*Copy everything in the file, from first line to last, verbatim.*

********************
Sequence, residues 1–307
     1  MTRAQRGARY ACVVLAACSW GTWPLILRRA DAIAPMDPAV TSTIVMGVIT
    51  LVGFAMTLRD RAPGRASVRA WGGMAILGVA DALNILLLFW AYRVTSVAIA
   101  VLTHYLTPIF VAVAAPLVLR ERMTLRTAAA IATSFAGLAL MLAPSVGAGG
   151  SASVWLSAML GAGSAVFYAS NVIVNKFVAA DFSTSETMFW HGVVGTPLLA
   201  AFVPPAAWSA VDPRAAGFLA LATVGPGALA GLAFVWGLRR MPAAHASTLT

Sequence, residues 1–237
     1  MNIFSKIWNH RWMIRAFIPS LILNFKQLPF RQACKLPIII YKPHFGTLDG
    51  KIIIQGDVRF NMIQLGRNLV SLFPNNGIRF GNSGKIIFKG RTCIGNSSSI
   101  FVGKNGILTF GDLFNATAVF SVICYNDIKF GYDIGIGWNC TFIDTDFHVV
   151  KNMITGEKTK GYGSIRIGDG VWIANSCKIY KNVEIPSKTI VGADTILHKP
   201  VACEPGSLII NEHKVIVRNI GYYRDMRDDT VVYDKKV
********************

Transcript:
Sequence, residues 1–307
     1  MTRAQRGARY ACVVLAACSW GTWPLILRRA DAIAPMDPAV TSTIVMGVIT
    51  LVGFAMTLRD RAPGRASVRA WGGMAILGVA DALNILLLFW AYRVTSVAIA
   101  VLTHYLTPIF VAVAAPLVLR ERMTLRTAAA IATSFAGLAL MLAPSVGAGG
   151  SASVWLSAML GAGSAVFYAS NVIVNKFVAA DFSTSETMFW HGVVGTPLLA
   201  AFVPPAAWSA VDPRAAGFLA LATVGPGALA GLAFVWGLRR MPAAHASTLT

Sequence, residues 1–237
     1  MNIFSKIWNH RWMIRAFIPS LILNFKQLPF RQACKLPIII YKPHFGTLDG
    51  KIIIQGDVRF NMIQLGRNLV SLFPNNGIRF GNSGKIIFKG RTCIGNSSSI
   101  FVGKNGILTF GDLFNATAVF SVICYNDIKF GYDIGIGWNC TFIDTDFHVV
   151  KNMITGEKTK GYGSIRIGDG VWIANSCKIY KNVEIPSKTI VGADTILHKP
   201  VACEPGSLII NEHKVIVRNI GYYRDMRDDT VVYDKKV